Eric Holder

ERIC HOLDER...Richard Cohen is unhappy with Eric Holder's role in the Marc Rich pardon, and Ezra Klein agrees with him:

This stuff was no great secret. The Obama camp weighed these qualms and dismissed them. Which suggests that Holder's tendency to be a company man was not considered a negative. I'm not one who thinks the attorney general should be some sort of lone renegade within the administration, but he should feel empowered to aggressively push back against abuses of presidential power. Holder's history offers little evidence of that sort of temperament.

I don't have any special brief for Holder one way or the other, but I guess I'd look at this differently. Holder's role in the Rich pardon is obviously disturbing, as he himself has admitted, and there's no doubt it will get raised in his confirmation hearings. But the real question is whether this was an isolated mistake or evidence of a pattern, and so far I've seen no evidence to suggest the latter. If you think his error in the Rich case was so egregious that it ought to disqualify him forever from government service, I guess that's defensible, but it's hard for me to read things that way. If we barred from high office every person who failed even once to stand up to his boss, we'd have a pretty small pool of candidates to choose from.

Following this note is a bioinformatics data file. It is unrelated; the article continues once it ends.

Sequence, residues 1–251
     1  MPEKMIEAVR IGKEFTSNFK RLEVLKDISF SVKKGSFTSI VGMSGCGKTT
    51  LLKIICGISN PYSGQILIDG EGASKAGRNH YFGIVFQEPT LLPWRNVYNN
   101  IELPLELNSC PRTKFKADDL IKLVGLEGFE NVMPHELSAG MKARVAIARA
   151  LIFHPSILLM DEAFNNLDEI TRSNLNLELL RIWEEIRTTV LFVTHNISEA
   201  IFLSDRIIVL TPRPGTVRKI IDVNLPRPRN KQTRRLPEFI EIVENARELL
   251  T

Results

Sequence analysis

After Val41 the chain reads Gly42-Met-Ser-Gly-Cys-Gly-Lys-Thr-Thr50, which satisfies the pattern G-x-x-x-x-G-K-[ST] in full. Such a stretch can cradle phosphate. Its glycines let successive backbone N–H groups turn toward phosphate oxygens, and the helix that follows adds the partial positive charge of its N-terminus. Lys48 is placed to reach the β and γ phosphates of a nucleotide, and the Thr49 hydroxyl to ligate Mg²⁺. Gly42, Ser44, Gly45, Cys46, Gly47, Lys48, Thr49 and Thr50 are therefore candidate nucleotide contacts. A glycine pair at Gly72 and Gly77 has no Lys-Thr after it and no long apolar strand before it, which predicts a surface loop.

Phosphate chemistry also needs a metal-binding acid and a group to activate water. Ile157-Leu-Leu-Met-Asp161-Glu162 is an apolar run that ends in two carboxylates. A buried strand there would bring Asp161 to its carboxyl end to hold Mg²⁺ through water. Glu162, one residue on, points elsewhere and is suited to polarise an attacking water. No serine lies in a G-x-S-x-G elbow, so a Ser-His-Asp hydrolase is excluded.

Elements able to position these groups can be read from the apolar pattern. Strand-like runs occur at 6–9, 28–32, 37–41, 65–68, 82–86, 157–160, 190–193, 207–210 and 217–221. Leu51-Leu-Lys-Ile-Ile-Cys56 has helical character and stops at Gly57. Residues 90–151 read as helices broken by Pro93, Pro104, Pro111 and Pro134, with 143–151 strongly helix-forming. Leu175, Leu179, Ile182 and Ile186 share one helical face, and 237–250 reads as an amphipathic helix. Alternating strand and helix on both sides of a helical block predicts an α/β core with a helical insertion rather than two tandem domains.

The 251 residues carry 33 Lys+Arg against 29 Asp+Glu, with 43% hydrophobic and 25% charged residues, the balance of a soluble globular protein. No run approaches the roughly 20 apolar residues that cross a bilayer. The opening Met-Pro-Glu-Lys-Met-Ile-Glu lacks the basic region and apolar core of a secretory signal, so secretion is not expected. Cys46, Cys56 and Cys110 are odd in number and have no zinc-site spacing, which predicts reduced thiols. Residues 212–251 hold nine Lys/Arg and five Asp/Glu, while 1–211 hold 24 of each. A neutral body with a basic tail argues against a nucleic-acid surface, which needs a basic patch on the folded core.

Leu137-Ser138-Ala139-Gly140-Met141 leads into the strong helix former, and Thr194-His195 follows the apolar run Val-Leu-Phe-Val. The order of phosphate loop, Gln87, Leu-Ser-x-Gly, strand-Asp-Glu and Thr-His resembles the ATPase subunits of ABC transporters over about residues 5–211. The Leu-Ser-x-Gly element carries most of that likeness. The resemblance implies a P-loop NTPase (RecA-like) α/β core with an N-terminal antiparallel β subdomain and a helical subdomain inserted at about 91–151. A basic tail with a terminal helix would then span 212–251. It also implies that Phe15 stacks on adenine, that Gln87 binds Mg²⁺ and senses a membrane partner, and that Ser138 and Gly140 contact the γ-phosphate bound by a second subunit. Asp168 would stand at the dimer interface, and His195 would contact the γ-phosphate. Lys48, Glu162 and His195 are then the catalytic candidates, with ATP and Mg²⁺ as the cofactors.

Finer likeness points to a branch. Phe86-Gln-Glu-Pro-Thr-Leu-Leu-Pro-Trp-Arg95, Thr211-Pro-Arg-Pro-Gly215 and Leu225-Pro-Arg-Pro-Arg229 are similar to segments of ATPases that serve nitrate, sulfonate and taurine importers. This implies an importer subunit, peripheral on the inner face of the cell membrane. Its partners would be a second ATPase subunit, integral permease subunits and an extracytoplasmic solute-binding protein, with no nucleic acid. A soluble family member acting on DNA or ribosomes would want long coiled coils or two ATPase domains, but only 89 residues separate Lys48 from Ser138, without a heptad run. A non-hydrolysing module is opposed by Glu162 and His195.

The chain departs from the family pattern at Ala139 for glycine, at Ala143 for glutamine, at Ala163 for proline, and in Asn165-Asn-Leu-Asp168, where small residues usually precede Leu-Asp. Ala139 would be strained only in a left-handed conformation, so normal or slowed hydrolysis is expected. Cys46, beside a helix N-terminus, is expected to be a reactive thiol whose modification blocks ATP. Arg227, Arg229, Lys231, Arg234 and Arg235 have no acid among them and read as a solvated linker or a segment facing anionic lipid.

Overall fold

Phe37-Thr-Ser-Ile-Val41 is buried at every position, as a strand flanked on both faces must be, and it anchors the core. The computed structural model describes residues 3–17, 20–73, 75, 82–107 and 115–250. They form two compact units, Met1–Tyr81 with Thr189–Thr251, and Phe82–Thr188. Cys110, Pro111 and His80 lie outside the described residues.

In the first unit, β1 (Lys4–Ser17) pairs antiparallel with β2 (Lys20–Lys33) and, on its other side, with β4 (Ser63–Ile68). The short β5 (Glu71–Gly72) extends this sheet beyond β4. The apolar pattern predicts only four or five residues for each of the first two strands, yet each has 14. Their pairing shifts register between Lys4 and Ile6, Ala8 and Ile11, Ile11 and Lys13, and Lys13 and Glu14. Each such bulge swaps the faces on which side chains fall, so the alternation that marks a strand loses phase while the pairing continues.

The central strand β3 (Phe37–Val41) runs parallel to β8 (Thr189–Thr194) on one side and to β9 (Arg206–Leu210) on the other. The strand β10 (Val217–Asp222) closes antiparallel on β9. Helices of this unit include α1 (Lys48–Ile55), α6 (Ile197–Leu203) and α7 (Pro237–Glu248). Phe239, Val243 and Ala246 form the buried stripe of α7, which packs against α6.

In fact, not to get too contrarian here, but if Holder learned a lesson from the Rich pardon — and his own response to it suggests he did — it might push him in the direction of being more independent than he otherwise might be. It could end up being a blessing in disguise.